I came across the following statement regarding the realized 10-year maturity bond's return over a year:

The realized bond return (H) over a year has two components: the yield income earned over time and the capital gain or loss due to yield changes: $$H_{10} \approx Y_{10}-\text{Duration}_{10} \times \Delta Y_{10}.$$

I am a complete economics rookie and I'm trying to understand what's going on here from the mathematical point of view, which I'm gonna present here, but my calculations don't seem to add up.

If we denote the bond's coupon with $C$, and the bond's time $t=0$ yield to maturity with $y_0$, then the bond's value at time $t=0$ equals: $$V_0=\frac{C}{1+y_0}+\frac{C}{(1+y_0)^2}+\dots+\frac{C}{(1+y_0)^9}+\frac{F+C}{(1+y_0)^{10}}.$$

At time $t=1$, we can express the bond's value as the function of the time $t=1$ yield to maturity $y$, so we have $$V_1(y)=\frac{C}{1+y}+\frac{C}{(1+y)^2}+\dots+\frac{C}{(1+y)^8}+\frac{F+C}{(1+y)^{9}}.$$ Derivative of $V_1$ with respect to $y$ is equal to: $$\frac{dV_1}{dy}=-1\cdot\frac{C}{(1+y)^2}-2\cdot\frac{C}{(1+y)^3}-\dots-8 \cdot \frac{C}{(1+y)^9}-9 \cdot\frac{F+C}{(1+y)^{10}} .$$ Now, we can apply some basic calculus here and state that for $\Delta y$ small "enough", we have that $$ V_1(y_0+\Delta y)\approx V_1(y_0)+\frac{d V_1}{dy}(y_0)\cdot \Delta y. $$ So now, if we consider the absolute return on our position (buying this bond at time $t=0$, selling it at $t=1$) from the time $t=0$ perspective, under the assumption that the time $t=1$ bond's yield to maturity is $y_1=y_0+\Delta y$, we have that: $$\text{AbsReturn} \approx-V_0+\frac{C}{1+y_0}+\frac{V_1(y_0)+\frac{d V_1}{dy}(y_0)\cdot \Delta y}{1+y_0}.$$ That is - we buy the bond for $V_0$, at the end of the first year we are paid the coupon which discounted value is $\frac{C}{1+y_0}$, and the approximation of the time $t=1$ bond's value taking into the account the YTM change is $V_1(y_0)+\frac{d V_1}{dy}(y_0)\cdot \Delta y$ and we also discount it to time $t=0$.

Now, we can simplify the expression for AbsReturn since $-V_0+\frac{C}{1+y_0}+\frac{V_1(y_0)}{1+y_0}=0$ and we get: $$ \text{AbsReturn}= \frac{\frac{d V_1}{dy}(y_0)\cdot \Delta y}{1+y_0} ,$$ which I guess we can also divide with our initial investment of $V_0$ to get the rate of return so we get: $$ \text{RateOfReturn}= \frac{\frac{d V_1}{dy}(y_0)\cdot \Delta y}{V_0(1+y_0)} ,$$ aaand this is where I completely lose it. I can't seem to understand the connection between the original expression and the thing I end up with. What does the term $\text{Duration}_{10}$ in the original formula even stand for - I guess it is the derivation of bond's value with respect to yield - but bond's value at what time: $t=0$ or $t=1$? Does it even make any difference? If it is at time $t=0$, how can we be using linear approximation of that function for approximating bond's value change at time $t=1$? I'm completely puzzled over this. Am I doing something completely wrong in this derivation? I appreciate any insights on this. Thanks!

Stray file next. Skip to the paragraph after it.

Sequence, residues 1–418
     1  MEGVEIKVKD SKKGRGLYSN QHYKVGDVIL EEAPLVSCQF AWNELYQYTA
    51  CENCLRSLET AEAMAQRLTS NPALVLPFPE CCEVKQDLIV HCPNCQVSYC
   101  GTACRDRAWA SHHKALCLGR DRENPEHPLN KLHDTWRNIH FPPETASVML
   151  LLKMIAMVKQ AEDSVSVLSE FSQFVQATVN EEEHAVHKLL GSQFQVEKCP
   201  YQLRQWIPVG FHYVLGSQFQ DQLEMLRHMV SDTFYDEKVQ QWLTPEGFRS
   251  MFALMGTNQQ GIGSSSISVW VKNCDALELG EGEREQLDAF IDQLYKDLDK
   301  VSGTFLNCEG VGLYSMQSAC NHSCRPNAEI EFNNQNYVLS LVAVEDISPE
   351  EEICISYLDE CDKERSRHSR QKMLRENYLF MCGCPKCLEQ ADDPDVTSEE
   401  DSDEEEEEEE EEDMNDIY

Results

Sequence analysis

• $\begingroup$ The expression you try to understand is very vaguely and badly expressed. For example, the "yield income" is nothing but the coupon, because the holder of the bond gets the coupon and nothing else at the end of the year. And there is no change in the coupon, as the $\Delta Y_{10}$ symbol appears to suggest. $\endgroup$ Mar 28, 2017 at 0:15

1 Answer 1


The approximation given is off at a key point - it is the duration of the bond at 9 years maturity, not the original duration.

The approximation works in two steps.

  1. If the yield is unchanged over one year, the total return over the year is roughly equal to the starting yield.
  2. If the yield changes, we add a capital gain/loss which is equal to the change in yields times the yield sensitivity. This is the modified duration of the bond, at 9 years maturity.

This approximation ignores the reinvestment of any coupon income, and the convexity effect (the return sensitivity changes slightly as yields change). Also, the bond yield convention is probably different than the convention used for total return. That said, for yield changes under 50 basis points, the approximation is typically pretty good.


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